Submarine Lesson 5 - How do you launch a submarine with strong structures?

In this lesson students understand how machines like cranes help us move large and heavy loads.

Years: 3, 4, 5, 6

Duration: 60mins

Curriculum Objectives: 11

Subject: Science

Resource Overview

Submarine STEM 7-11 delivers a comprehensive scheme of work covering Materials, Forces and Living things and develops students’ ability to work scientifically. The unit is based on the exploratory submersible journeys undertaken as part of the XL Catlin Deep Ocean Survey off Bermuda, the Sargasso Sea (between Bermuda and Canada) and off Canada’s east coast. Using exclusive galleries, videos and online 360 VR technology students are fully immersed in the deep ocean. Students will understand the scale and depth of the ocean, explore and investigate the creatures which inhabit this inhospitable environment and consider how forces and materials are integral to submersible design. Throughout the unit students plan, carry out and evaluate scientific investigations, culminating in an exciting DT challenge.

Thank you to EncounterEdu for allowing us to share this resource.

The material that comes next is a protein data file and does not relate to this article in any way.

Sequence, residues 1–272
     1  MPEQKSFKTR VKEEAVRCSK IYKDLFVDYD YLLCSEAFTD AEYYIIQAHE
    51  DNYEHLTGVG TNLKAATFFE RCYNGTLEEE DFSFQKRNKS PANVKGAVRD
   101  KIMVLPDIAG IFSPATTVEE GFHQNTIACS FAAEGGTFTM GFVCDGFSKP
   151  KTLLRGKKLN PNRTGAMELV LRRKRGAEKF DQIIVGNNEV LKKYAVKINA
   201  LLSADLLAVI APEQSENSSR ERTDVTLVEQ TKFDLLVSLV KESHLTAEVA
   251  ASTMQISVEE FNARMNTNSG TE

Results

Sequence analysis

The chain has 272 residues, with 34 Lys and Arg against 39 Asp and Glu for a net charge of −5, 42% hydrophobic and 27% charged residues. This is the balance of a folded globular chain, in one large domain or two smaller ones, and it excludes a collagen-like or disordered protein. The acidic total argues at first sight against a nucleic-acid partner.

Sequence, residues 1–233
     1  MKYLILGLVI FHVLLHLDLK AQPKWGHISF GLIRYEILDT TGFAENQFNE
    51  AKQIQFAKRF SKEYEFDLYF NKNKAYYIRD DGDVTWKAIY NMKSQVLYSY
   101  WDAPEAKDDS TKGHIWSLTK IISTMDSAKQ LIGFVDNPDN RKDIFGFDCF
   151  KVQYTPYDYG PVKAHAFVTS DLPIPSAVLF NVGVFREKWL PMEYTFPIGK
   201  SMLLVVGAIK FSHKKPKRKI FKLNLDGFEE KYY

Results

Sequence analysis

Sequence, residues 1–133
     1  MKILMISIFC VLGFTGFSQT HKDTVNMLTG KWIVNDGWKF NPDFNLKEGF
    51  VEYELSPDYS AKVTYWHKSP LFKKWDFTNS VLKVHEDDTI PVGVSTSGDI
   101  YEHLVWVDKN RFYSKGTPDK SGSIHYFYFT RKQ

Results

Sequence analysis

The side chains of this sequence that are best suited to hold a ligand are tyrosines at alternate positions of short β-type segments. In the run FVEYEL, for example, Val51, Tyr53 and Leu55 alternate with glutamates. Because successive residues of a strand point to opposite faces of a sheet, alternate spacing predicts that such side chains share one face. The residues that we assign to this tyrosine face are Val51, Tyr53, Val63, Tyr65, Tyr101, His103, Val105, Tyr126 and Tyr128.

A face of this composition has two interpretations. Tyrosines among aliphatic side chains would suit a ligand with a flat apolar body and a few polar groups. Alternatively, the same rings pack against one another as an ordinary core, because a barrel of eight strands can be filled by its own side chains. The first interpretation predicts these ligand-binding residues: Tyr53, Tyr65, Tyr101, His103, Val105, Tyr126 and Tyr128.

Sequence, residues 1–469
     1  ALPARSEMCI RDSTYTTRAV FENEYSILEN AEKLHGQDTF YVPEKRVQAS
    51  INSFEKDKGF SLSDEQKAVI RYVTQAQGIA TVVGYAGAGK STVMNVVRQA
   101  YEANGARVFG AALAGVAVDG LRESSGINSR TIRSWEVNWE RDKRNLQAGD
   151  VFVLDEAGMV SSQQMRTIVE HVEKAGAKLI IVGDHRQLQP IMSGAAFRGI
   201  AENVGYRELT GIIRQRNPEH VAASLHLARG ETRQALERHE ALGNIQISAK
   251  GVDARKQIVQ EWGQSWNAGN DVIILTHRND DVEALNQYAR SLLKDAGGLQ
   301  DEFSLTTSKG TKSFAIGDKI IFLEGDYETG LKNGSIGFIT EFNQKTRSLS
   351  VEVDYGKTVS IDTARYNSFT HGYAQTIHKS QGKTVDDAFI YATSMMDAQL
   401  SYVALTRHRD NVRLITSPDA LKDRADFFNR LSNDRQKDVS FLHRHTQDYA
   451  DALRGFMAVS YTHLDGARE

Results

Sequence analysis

Resource Assets


How do you launch a submarine with strong structures? PowerPoint

Students are asked: how do you think we launch our submersibles? They must think about how to get a submarine from the surface vessel into the water, safely and accurately before designing and building a crane to launch and recover their submarine.


Designing a crane - Student sheet 5a

In pairs students plan and build a crane structure that will be capable of launching and recovering a model submarine.


Building a crane - Activity overview 5a

In this activity students construct a crane, which will go on to launch and recover their submersibles.


How do you launch a submarine with strong structures? - Teacher Guidance

Lesson steps and learning outcomes are made explicit in this guide.

Curriculum Objectives

  • Key Stage 2 (Age 7-11)
    • Key Stage 2 (Age 7-11)
      • Year 4 (Age 8-9)
        • Year 3 (Age 7-8)
          • Ask relevant questions and use different types of scientific enquiries to answer them
          • Use results to draw simple conclusions, make predictions for new values, suggest improvements and raise further questions
      • Year 6 (Age 10-11)
        • Year 5 (Age 9-10)
          • Plan different types of scientific enquiries to answer questions, including recognising and controlling variables where necessary
          • Record data and results of increasing complexity using scientific diagrams and labels, classification keys, tables, scatter graphs, bar and line graphs
          • Take measurements, using a range of scientific equipment, with increasing accuracy and precision, taking repeat readings when appropriate
  • Year 5 (Age 9-10)
    • Compare and group together everyday materials on the basis of their properties, including their hardness, solubility, transparency, conductivity (electrical and thermal), and response to magnets